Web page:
Short trip, big purpose

Short trip, big purpose
Fecha de publicación: 
19 June 2014
Imagen principal: 

As trade missions go, the one planned by the San Antonio Hispanic Chamber of Commerce for June 22-26 will be short and tiny.

Only six people will travel — four board members and two staffers. No immediate business deals are likely to be struck. But the delegation could come back with some mighty valuable information.

What other potential new market than Cuba could open someday so close to Texas with a population of more than 11 million people?

Under the five-decade-old U.S. trade embargo, the only products U.S. companies can sell to Cuba now are agricultural and medical. The chamber delegation intends to learn about the opportunities and demand in those sectors, plus the technicalities of how to make sales.

The chamber delegation also hopes to develop contacts so that when the U.S. trade embargo ends and U.S. companies can join the rest of the world in conducting commerce with the island nation, San Antonio firms can respond quickly.

The chamber is limited to sending only a few board members and staffers by the rare license it received for the trade mission from the U.S. Treasury Department’s Office of Foreign Assets Control.

“It’s a controlled license. Few people get these,” chamber CEO and President Ramiro Cavazos said.

Along with Cavazos, the delegation will be comprised of board Chairwoman Patricia Pliego Stout, ex-chairman Ben Rodriguez, board members Robert McKinley and John Gonzalez, and the chamber’s chief of staff, José María González.

The delegation can’t visit Cuban companies directly. The San Antonians instead will confer with the Cuban chamber of commerce, the Foreign Affairs Ministry and the health and agriculture departments, José María González said.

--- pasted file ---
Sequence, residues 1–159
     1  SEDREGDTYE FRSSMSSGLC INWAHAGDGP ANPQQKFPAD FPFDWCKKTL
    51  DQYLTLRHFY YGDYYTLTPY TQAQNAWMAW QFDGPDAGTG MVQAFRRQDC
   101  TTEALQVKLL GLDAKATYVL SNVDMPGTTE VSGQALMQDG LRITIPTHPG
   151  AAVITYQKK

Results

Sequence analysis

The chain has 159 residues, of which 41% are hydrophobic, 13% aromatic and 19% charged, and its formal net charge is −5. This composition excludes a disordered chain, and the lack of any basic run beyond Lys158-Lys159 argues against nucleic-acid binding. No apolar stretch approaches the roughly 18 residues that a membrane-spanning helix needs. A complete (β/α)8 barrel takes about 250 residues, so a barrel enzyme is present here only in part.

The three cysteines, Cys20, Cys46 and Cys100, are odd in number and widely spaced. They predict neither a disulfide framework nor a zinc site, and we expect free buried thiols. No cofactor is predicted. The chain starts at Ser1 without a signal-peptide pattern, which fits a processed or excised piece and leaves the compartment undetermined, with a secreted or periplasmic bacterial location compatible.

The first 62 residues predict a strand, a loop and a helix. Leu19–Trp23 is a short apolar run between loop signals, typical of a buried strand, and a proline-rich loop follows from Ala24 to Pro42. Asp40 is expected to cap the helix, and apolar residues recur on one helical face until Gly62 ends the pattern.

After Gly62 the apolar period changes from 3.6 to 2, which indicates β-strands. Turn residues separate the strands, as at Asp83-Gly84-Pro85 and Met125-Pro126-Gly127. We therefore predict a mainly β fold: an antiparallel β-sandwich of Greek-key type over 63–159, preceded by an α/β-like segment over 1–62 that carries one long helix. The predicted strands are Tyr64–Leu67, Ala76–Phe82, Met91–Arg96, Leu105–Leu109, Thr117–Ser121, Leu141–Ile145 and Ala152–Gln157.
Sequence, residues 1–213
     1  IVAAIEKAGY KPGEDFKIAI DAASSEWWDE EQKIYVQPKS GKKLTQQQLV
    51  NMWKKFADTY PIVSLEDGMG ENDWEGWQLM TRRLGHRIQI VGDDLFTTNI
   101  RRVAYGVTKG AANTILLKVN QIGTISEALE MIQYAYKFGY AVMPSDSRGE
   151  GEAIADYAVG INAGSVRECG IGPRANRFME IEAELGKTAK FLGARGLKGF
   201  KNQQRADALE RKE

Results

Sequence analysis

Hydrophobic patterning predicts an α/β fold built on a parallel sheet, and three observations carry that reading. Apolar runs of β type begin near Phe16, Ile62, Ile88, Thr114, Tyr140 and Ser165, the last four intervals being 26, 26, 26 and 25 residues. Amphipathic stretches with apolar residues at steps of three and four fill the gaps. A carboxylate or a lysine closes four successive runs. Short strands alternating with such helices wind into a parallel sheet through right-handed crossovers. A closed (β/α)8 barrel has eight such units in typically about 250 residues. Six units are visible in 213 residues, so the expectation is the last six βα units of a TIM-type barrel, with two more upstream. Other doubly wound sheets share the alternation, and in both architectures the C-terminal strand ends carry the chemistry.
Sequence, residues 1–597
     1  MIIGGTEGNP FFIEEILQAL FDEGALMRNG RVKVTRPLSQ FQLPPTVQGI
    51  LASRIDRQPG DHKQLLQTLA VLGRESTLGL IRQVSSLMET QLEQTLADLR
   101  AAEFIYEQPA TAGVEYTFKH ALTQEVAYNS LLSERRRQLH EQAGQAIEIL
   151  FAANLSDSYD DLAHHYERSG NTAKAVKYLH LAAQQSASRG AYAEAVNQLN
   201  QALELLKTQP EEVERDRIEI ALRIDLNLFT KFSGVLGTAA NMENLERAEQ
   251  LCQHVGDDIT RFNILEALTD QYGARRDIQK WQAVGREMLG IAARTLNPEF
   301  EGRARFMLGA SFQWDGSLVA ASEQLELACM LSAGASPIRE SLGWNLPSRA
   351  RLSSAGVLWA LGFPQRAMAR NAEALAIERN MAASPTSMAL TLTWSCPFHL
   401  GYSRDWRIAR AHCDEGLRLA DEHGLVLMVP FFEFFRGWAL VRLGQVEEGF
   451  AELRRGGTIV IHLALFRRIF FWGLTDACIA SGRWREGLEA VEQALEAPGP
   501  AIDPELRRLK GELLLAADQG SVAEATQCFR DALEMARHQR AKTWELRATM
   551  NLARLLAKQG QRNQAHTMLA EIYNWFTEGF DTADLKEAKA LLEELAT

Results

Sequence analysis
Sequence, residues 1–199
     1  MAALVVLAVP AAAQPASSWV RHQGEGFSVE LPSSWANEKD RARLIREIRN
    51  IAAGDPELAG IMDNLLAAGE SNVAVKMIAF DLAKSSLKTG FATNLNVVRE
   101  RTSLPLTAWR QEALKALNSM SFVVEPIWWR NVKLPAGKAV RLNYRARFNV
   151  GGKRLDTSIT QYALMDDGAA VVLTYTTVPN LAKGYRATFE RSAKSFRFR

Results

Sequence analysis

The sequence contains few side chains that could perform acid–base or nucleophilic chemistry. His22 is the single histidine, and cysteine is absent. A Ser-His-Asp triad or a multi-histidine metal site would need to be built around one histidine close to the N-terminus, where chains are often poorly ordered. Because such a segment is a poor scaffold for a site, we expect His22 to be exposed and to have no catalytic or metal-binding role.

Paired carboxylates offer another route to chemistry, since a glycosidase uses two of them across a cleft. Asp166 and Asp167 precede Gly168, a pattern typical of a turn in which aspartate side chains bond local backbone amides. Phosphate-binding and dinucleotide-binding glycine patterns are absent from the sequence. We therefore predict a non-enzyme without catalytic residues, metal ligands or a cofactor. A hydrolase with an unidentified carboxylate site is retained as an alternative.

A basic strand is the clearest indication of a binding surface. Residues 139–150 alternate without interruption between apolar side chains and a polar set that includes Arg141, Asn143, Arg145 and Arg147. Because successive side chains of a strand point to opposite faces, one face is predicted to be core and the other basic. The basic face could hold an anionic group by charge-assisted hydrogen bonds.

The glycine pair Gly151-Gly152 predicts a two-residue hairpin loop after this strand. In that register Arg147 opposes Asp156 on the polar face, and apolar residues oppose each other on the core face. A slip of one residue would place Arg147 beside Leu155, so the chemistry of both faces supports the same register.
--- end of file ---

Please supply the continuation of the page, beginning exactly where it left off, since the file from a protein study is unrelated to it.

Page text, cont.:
Of the six people, perhaps the key Cuba visitor will be McKinley, who heads the University of Texas at San Antonio’s Institute for Economic Development.

McKinley hopes the information he obtains on the trade mission on Cuba’s market demand and the technical path for doing business will help make the UTSA institute the go-to place for companies wanting to trade food and medical supplies with Cuba.

The institute already has an electronic trading system in place, too, that could help someday.

Caribbean islands typically can export products like sugarcane. “But they have to buy so many other things. You have to drill down to see what the demand is and what they are willing to spend money on,” McKinley said.

The UTSA institute can play another role, too.

The institute’s International Trade Center has established numerous small business development centers, similar to the one the institute operates for South Texas, in many foreign nations, including islands near Cuba such as the Dominican Republic, Jamaica, St. Lucia, Barbados and Dominica.

When the U.S. trade embargo ends, large corporations will jump into Cuba seeking market share, but Cuba will want to protect its small businesses “from being crushed,” McKinley said. UTSA-trained SBDCs could be an effective way to do that. Probably no other city can help Cuba that way.

“We see ourselves (the chamber) as a conduit of small business to business opportunities,” said John Gonzalez of JDG Associates Inc., chairman of the chamber’s business and economic development committee.

The Cuba trade mission “gives us a head start” to the day when U.S. companies can trade freely with Cuba, he added.

“Many parts of the world conduct business with Cuba. We understand the culture. We speak the language. I want to see the global view of what Cuba is today. We have to take the opportunity to see a Cuba that might be open in the near future,” Stout said.

“We’ll leave our footprints there,” she added.

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